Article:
RCMP investigating a fatal stabbing in the 400 block of Ninth Ave. West on Oct. 18 2017. (Shannon Lough / The Northern View)

B.C. youth found guilty of fatally stabbing his foster parents

Second-degree murder charges dismissed against then-17-year-old boy

A Prince Rupert man has been found guilty of manslaughter in the 2017 deaths of his foster parents.

The man, whose identity is protected from publication under the Youth Criminal Justice Act, is referred to as B. E., his foster mom as S. L., and foster dad as H. L.

In the early morning of Oct. 18 2017, police responded to a call from B. E. about a stabbing in the 400-block of Ninth Avenue West.

According to the June 27 ruling, posted online on Tuesday, the young man, then 17 years old, told the dispatcher: “I can’t remember what I did. I, I stabbed my parents.”

When police arrived, they found S. L. and H. L. suffering from serious injuries.

H. L. died later that day.

S. L. was rushed to hospital and later airlifted to Vancouver, but died eight days later.

B.E. was taken into custody that evening and later charged with two counts of second-degree murder.

READ MORE: Youth to be charged for second-degree murder and attempted murder

At his trial in B.C. Supreme Court last April, he admitted he had stabbed his foster parents and caused their deaths, but denied he had done so with criminal intent.

Police were able to interview his foster mother while she was still being treated in Prince Rupert. She told officers there had been no history of violence with B. E.

On the night of the incident, she said B. E. walked into her room, and she felt getting hit by something, and B.E. told her he was going to call 911.

There was also no evidence to suggest he was intoxicated at the time.

READ MORE: Stats show violent crime in Prince Rupert drops overall

The Crown argued the boy was not impaired by his judgment, that his mental state showed no evidence of a disorder, and that he was old enough to understand the consequences of his actions and had therefore meant to cause harm knowing it could result in death.

The defence argued B. E. was sleepwalking.

“I went straight to my room and went to bed and fell asleep … When [S.L.] went up to her room, like, her footsteps on the stairs kind of woke me. I went up to go get a drink of water then I went back to bed then I fell asleep, kind of felt like a nightmare,” he told the court.

“I woke up and I saw so, so much blood everywhere it scared me. What scared me more was because [H.L.] was, [H.L.] was bleeding and he, his voice was calm, his voice was calm.”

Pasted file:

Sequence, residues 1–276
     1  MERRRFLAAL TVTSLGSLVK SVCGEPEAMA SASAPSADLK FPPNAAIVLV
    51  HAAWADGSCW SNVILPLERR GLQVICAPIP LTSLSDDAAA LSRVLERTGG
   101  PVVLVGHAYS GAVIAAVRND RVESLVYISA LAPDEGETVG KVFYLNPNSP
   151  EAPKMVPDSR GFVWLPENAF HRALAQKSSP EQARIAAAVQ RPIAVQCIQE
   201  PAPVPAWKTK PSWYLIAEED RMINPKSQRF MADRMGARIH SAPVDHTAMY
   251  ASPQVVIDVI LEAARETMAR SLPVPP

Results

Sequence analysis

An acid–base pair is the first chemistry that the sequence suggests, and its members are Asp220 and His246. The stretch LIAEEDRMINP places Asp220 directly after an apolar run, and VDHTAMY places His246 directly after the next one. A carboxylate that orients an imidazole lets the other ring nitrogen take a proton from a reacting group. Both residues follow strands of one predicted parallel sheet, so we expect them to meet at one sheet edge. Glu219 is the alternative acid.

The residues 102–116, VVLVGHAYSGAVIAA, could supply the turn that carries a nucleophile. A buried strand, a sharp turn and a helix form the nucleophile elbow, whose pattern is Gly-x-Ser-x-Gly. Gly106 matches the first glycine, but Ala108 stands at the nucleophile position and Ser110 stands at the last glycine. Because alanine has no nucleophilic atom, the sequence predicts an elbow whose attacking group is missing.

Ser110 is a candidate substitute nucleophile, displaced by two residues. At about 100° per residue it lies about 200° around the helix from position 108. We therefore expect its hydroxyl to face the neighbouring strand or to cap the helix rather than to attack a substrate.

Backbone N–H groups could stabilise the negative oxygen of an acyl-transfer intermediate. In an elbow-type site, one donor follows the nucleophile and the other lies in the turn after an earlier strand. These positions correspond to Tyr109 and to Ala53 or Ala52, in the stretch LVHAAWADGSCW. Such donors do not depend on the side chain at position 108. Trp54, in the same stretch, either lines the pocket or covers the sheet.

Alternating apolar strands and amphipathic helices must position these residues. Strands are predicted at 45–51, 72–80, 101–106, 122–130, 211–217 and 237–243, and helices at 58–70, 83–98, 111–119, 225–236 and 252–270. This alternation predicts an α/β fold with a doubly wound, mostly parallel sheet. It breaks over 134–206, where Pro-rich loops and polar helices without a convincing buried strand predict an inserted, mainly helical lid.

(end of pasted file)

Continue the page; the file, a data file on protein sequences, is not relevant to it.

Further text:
The defence also argued he had no history of violence or animosity with his foster parents, and highlighted he phoned 911 right away.

Justice James Williams found a lack of evidence to prove intent beyond a reasonable doubt, but that Crown had proven the offence of manslaughters.

READ MORE: Prince Rupert RCMP searching for missing woman


Jenna Cocullo | Journalist
Jenna Cocullo 
Send Jenna email
Like the The Northern View on Facebook
Follow us on Twitter

Comments are closed

Just Posted

BCTF rejects mediator’s recommendations for settlement

Negotiations between B.C. teachers and the province will continue

Mallory’s motivation reaches new horizons

Motivational speaker Alan Mallory brings inspirational talk to Invermere this Friday, November 8th

One win, one overtime loss for Rockies last weekend

Next home games this Friday and Saturday at the Eddie

Powerful powwow performance

Nimihitowin! performs to a full house at Columbia Valley Centre

Canal Flats Council October 28th

Meeting includes RCMP update from Sgt. Kakuno

VIDEO: Hong Kong police shoot protester, man set on fire

It was the second protester shot since the demonstrations began in early June

Sportsnet fires Don Cherry after negative comments about immigrants

Don Cherry had said immigrants don’t wear poppies like other Canadians do

Trudeau’s new cabinet: Gender parity because it’s 2019? Or due to competence?

Prime Minister Justin Trudeau will soon appoint his new cabinet

Canada among three G20 countries least likely to hit emissions targets

It says Canada, South Korea and Australia are the farthest off

Conservatives’ Scheer wants Trudeau to open Parliament Nov. 25

That’s five days after Justin Trudeau is scheduled to swear in a new cabinet

Last remaining Centurion tank from the Korean War makes its journey ‘home’ to B.C.

Tank arrives in B.C. the day before Remembrance Day after a more than 4,500-kilometre transfer

‘Your vehicle burns a lot of fuel:’ Victoria drivers wake up to angry notes

‘This handbill was left on your vehicle because your vehicle burns a lot of fuel,’ notes read

Canadians mark Remembrance Day this morning

This year exactly 101 years to the day after the end of the First World War

Devils strike early, hang on for 2-1 win over Canucks

Vancouver now 0-8-3 in last 11 games versus New Jersey

Most Read